When I was looking into strabismus surgery in 2020 to correct my eye turn, I was shocked to see the cost. The cost can vary SO much depending on where it is done, who does it, and the type of insurance that you have. In the United States, the government has set certain limits that can help us narrow it down though.
So how much does strabismus surgery actually cost? If you use my tips to keep the cost down, the cash pay rates for strabismus surgery for minor eye turns are around $3000, while surgery for more significant eye turns will be closer to $10,000. Insurance covers strabismus surgery so if you’ve met your deductible it could be pretty much free!
As an adult with strabismus (30-35 diopters of exoptria) I had surgery on two muscles in each eye, so four total, with adjustable sutures, in August of 2020. I paid about $9500 cash. My insurance ended up covering it and reimbursing me for everything except my deductible.
To learn more about the surgery process, you can head over here.
In the following charts, I break down what to expect to pay for strabismus surgery. Note that each column is for just one eye, but it is very likely that your surgeon will either do one muscle in each eye or two muscles in each eye. In that case, the codes will just each be billed twice.
I have prices listed for a hospital and for a surgery center, you won’t pay both of these, but it’s good to know that the price difference is huge, so choose wisely!
The lower range of the listed prices is the medicare pricing which is used by many doctors for the cash pay amount. The upper end comes from my personal research on multiple facilities/insurance companies throughout the US.
What Codes Will I Be Billed for?
|One Muscle||Two Muscle|
|Who Needs It?||This is for one muscle in one eye and is for very mild cases that are low angle. Usually less than 15 diopters. Sometimes this will be billed twice, one for each eye. In that case, double the hospital and surgeon fee and add a few hundred to the anesthesia bill.||Patients with previous surgeries, scar tissue, and larger angles will need both muscles to be operated on to achieve good alignment. In many cases, both muscles in both eyes are operated on. In this case, double the hospital and surgeon cost and add a few hundred to the anesthesia bill.|
|Surgery Center Cost||$850-$1500||$1350-$2000|
|Total Cost for Hospital||$3000-$4200||$4755-$6250|
|Total Cost for Surgery Center||$1850-$3200||$2800-$4250|
|Scar Tissue Bonus||Adjustable Sutures Bonus|
|Who Needs It?||If you have had previous surgeries, there is likely scar tissue build up and the surgeon will also bill this code for taking care of it.||If your surgeon chooses to use adjustable sutures (which greatly improve success rates) then there is an extra code billed for that procedure.|
Breaking it Down
For every surgery there are usually 3 different bills.
- The Hospital or Surgery Center Bill (Billed By Codes)
- The Ophthalmologist (surgeon) Bill (Billed By the same Codes)
- The Anesthesiologist Bill (Billed by Time)
Hospitals and surgeons usually have specific amounts they bill for each code that they use. The hospital is billing for use of the space, tools and resources while the surgeon is billing for the actual procedures.
Anesthesiologists generally bill by the length of the procedure. So the first 30 minutes might be $700 and then $100 for every additional 15 minutes.
The only way to get the actual cost of surgery is to meet with a surgeon and ask him a few important questions:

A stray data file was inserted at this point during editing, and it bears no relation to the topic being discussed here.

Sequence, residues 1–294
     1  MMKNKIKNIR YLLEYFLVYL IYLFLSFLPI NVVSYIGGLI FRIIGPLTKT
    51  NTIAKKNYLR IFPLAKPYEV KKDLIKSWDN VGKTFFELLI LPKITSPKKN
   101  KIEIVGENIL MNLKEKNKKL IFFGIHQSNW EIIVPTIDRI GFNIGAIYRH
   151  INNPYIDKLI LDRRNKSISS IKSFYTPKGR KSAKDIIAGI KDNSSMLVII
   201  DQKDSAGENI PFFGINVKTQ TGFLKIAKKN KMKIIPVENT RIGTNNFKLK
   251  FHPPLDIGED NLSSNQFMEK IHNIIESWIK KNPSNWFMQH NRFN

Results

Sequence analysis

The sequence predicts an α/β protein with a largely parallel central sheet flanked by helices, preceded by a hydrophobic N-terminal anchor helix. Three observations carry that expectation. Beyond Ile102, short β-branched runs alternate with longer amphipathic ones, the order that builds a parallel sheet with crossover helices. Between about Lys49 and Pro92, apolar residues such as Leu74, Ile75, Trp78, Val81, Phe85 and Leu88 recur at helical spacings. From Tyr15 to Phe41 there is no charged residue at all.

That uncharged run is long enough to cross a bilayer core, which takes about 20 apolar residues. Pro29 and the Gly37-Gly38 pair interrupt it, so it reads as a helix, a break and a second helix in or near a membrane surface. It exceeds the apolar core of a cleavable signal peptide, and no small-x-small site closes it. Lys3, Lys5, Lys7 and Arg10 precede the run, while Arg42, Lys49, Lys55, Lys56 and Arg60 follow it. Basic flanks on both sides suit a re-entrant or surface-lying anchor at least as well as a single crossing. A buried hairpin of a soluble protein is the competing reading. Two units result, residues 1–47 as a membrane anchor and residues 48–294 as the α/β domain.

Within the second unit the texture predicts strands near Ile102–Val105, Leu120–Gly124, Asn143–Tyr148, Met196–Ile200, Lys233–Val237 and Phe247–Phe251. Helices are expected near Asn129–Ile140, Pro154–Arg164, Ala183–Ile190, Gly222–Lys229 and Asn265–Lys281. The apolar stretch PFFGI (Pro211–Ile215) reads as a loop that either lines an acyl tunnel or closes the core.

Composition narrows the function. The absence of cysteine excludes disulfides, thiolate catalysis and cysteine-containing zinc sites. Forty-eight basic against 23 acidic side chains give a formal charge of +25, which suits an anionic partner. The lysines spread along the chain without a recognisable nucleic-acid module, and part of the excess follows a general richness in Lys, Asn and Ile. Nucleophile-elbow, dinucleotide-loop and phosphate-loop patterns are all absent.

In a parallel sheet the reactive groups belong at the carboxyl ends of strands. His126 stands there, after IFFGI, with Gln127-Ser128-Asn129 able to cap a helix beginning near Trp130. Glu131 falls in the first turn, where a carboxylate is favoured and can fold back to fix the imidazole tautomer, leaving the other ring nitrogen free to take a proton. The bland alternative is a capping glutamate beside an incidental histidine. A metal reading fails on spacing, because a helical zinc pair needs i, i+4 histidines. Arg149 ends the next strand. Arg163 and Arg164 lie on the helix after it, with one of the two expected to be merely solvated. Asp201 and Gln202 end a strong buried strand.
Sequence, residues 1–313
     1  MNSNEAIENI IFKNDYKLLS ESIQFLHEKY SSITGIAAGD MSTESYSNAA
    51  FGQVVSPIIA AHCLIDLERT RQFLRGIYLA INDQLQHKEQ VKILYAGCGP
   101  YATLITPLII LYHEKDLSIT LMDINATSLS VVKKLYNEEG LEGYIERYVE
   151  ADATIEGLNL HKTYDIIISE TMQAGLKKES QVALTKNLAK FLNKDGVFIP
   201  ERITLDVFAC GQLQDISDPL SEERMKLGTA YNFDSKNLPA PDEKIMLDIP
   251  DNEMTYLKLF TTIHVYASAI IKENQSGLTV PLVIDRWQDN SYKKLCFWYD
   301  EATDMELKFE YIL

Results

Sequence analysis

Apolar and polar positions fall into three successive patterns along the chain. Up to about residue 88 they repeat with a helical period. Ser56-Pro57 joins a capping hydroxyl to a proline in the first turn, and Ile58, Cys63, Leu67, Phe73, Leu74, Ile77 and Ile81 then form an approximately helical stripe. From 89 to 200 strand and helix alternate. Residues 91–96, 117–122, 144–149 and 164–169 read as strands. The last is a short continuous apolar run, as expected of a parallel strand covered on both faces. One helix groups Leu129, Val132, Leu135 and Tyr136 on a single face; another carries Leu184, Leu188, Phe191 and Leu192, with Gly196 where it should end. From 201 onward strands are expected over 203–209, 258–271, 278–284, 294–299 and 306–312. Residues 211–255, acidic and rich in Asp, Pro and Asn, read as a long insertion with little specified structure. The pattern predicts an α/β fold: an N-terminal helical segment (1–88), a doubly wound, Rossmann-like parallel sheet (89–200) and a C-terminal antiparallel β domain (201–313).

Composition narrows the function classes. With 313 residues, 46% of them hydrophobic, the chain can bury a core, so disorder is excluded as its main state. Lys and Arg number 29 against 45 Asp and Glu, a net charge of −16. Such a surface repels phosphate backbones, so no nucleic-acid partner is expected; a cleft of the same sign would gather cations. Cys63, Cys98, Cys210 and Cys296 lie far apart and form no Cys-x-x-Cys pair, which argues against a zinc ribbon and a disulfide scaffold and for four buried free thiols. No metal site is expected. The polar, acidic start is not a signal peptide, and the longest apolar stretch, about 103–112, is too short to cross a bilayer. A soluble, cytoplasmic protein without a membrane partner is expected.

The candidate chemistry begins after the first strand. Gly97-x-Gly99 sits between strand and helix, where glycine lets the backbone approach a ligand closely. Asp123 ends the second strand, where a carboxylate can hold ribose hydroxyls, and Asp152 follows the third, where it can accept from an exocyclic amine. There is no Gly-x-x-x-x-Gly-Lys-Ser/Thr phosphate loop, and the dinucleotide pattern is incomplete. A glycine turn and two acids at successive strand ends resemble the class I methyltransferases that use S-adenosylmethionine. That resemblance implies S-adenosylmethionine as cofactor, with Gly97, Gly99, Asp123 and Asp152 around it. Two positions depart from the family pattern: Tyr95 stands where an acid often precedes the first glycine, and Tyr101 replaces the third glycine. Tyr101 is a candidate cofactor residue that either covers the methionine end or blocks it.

- Which codes will you be billing?
- How long is the procedure?
- Will You be Using Adjustable sutures?
- What facilities are you willing to do the procedure at?
With the answers to these questions, you can get your exact costs, but most strabismus surgeries use the same basic codes so the chart can get you in the ballpark.
For every strabismus surgery, the muscles operated on will depend on the personal preference of the surgeon, past surgeries and the type of strabismus.
If you’ve had previous surgeries and/or the eye turn is severe (higher than 25 diopters), you will probably need multiple muscles to be adjusted.
Tips For Saving Money on Strabismus Surgery
If you go about the process haphazardly, you could easily pay up to $20,000 for an eye surgery. Be proactive and ask questions to make sure you get the best deal possible.
These tips will make a big difference!
- Call your insurance company and find an in-network doctor. If there isn’t one, get a referral to an out of network one and wait for your insurance to approve it before moving forward. This makes a HUGE difference!
- Make offers to the facility, surgeon, and anesthesiologist to pay cash or pay in advance and ask for discounts. If you can’t pay in advance, ask for an exception. If you are proactive and write a convincing letter, they could definitely forgive part of your bill.
- Get the codes from your surgeon and call around and get pricing from multiple facilities. SURGERY CENTERS are going to be much more affordable than hospitals. You may have to wait longer for the surgery, but it will save thousands. The surgeon will probably prefer working in a hospital so you might need to dig and insist.
- Ask the doctor’s office to make sure you are “pre-approved” for the surgery through your insurance. It is not just cosmetic and pretty much all insurances cover it.
Is Strabismus Surgery Worth It?
Depending on your goals, strabismus surgery can definitely make a huge difference in your life!
You can schedule a consult with me and I can help you understand whether it might be the perfect next step for you. You can learn more here.
To see the strabismus surgery success rates, head over to this article.
For me, it made a HUGE difference and helped me become much more efficient at using my eyes together, plus I love having straight eyes!
30-35 diopters of exotropia
8-10 diopters of esotropia